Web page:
Deciding what to write

Posted: October 16, 2014 in writing
Tags: , , , , ,

Yes, I’m still thinking about NaNoWriMo

As I start planning for NaNoWriMo, I face the crucial question of what to write.

This might sound like an easy decision – I should write what I’m interested in, right?

Well yes, except that loads of things interest me. Steampunk adventures, speculation about bleak or hopeful futures, fantasy worlds of wild magic and stranger creatures, history and alternate history…

When I was focused on short fiction that was fine. I could write a new story every week, pander to all those different interests. But while short fiction’s a great calling card it’s not a great way to make money off fiction, and it’s obviously no good for a 50,000+ word novel. So I need to pick something to focus on.

I have two options I’m seriously considering, and that I need to pick between so that I can start planning.

On the one hand I’m taken with the idea of writing a historical novel around the Battle of Agincourt. It’s a period I know well, so the research I don’t have completed already would be fairly straightforward. I’m really interested in the Middle Ages. I think it could make an interesting story on what it means to become an adult and on the darkness of war. And next year is the 600th anniversary of the battle, which should make such a novel quite marketable in about six months time.

On the other hand there’s a steampunk detective story I’ve been contemplating writing for about a year. I’ve got a notebook half filled with the background of the world. It explores ideas of class, religion and what it means to be human, all of which interest me just as much as strange machines, curious inventors and sprawling industrial cities. And as I have some other steampunk stuff at the editing stage for release early next year, this is more in keeping with the brand I’ve been building.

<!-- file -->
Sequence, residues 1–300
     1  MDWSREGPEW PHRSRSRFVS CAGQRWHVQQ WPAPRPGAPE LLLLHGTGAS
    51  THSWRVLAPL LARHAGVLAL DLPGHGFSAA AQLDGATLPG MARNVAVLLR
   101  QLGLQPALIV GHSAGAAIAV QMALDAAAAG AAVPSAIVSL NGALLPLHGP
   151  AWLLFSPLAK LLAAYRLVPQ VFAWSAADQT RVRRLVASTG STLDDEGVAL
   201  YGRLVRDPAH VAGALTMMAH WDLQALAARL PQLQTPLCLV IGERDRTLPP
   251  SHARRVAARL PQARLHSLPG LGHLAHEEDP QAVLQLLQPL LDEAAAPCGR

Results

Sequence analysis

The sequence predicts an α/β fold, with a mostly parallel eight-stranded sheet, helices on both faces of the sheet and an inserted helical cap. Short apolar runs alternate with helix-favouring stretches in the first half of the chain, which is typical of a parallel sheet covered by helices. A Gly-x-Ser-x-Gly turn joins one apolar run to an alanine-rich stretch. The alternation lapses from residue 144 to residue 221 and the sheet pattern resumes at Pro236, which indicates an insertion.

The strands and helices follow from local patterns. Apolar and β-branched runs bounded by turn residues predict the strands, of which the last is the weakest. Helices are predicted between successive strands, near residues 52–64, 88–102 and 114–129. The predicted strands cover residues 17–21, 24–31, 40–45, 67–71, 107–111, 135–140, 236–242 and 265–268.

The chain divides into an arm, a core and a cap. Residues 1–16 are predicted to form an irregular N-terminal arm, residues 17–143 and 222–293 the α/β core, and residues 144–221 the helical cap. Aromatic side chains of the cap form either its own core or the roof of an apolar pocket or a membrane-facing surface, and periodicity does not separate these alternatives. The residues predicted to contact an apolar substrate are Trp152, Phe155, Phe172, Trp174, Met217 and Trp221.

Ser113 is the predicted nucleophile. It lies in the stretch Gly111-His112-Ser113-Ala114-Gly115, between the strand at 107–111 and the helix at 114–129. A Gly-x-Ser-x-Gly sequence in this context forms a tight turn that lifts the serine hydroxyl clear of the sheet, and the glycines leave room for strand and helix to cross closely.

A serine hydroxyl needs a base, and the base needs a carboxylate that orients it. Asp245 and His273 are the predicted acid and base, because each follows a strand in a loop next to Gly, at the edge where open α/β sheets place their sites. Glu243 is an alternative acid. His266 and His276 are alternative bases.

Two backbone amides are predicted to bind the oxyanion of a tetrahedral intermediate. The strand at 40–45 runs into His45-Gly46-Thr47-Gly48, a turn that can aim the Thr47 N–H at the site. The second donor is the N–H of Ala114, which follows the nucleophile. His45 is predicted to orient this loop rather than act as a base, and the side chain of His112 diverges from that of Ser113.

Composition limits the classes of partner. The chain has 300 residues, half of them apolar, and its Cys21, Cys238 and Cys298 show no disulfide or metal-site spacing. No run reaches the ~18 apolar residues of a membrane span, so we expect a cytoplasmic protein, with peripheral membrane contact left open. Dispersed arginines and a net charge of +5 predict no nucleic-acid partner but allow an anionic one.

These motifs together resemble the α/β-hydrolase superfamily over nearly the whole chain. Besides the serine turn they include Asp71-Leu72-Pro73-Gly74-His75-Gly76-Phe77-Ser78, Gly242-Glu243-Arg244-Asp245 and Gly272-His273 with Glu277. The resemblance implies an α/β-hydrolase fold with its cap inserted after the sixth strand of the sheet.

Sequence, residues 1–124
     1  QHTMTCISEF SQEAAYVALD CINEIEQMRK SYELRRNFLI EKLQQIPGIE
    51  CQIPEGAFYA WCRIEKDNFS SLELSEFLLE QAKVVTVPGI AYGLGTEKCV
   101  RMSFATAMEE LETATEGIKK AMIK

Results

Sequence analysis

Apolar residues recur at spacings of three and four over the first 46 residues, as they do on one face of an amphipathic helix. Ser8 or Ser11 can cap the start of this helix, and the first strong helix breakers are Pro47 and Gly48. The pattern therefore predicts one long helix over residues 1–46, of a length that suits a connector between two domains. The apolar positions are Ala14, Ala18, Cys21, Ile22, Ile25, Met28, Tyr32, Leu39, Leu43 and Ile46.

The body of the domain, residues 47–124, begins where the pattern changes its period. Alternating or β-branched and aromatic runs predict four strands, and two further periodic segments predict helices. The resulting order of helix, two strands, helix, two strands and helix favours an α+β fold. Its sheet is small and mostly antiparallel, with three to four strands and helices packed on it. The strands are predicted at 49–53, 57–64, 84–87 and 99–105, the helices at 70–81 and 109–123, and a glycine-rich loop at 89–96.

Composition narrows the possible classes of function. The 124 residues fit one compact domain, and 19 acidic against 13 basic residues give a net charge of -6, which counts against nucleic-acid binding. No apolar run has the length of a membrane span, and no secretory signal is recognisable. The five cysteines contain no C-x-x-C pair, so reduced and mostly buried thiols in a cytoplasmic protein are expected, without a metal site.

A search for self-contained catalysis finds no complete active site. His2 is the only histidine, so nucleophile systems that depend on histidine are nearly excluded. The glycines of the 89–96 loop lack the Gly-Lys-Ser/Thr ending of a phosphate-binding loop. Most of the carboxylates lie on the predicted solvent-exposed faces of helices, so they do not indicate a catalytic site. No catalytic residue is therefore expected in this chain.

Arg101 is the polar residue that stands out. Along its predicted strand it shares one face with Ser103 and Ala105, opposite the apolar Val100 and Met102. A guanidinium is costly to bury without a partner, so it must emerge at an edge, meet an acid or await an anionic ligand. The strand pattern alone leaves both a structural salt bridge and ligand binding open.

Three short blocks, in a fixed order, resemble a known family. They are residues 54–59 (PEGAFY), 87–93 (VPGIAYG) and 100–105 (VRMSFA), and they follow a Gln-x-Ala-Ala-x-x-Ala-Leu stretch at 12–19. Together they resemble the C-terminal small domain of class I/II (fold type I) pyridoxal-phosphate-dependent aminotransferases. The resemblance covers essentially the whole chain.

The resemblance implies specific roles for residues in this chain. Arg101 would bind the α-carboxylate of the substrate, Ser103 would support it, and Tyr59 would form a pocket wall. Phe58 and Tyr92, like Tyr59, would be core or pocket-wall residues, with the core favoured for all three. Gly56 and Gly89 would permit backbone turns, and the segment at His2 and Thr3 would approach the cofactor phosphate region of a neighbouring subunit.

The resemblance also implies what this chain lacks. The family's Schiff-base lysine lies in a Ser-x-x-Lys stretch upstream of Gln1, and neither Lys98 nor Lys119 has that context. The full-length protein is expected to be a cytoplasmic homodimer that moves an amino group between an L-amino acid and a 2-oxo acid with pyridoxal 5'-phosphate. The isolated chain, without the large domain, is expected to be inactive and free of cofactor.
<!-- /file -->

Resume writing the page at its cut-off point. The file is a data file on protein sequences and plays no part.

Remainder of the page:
As you can see, there are both artistic and writing-as-business reasons to go each way. I can write both books eventually, unless something more exciting drags my attention away, but the question is what should I write now? And with so many factors to consider, and so much enthusiasm for both projects, I’m struggling to decide.

So as the core of my small current readership is centred around this blog I thought I’d ask – which do you think I should write? Which book would you be more excited to read?

And how do you decide what to write? Maybe that’ll help me too.

Oh, and for any of you doing NaNoWriMo, I’ve now signed up to their website as gibbondemon – come find me as a writing buddy!

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Comments
  1. SiC says:

    Of the two, steampunk detective every time. I love detective stories in alternate worlds. (see http://en.wikipedia.org/wiki/Lord_Darcy_(character) for example 🙂 )

    But how about…. write down a short description of each thing you are interested in on a scrap of paper, stick them all in a hat and draw 6. Combine those into some sort of awesome story. Also then get people to describe those things without mentioning words on the paper etc.

  2. north5 says:

    My advice[1] for NaNoWriMo is: don’t do anything that’ll make you stop, even for a moment.

    It’s why I keep writing fantasy novels. I’d like to do some scifi, or lablit, but I know that I’d be half way through a paragraph, and think … hang on, should that be a big laser, or a little one? Did they wear green heraldry, or red? How fast can an ion-drive spaceship reach the Jupiter moons? How long, exactly, is Oxford Street?

    At that point I reach for Wikipedia, and the whole month is scuttled. 🙂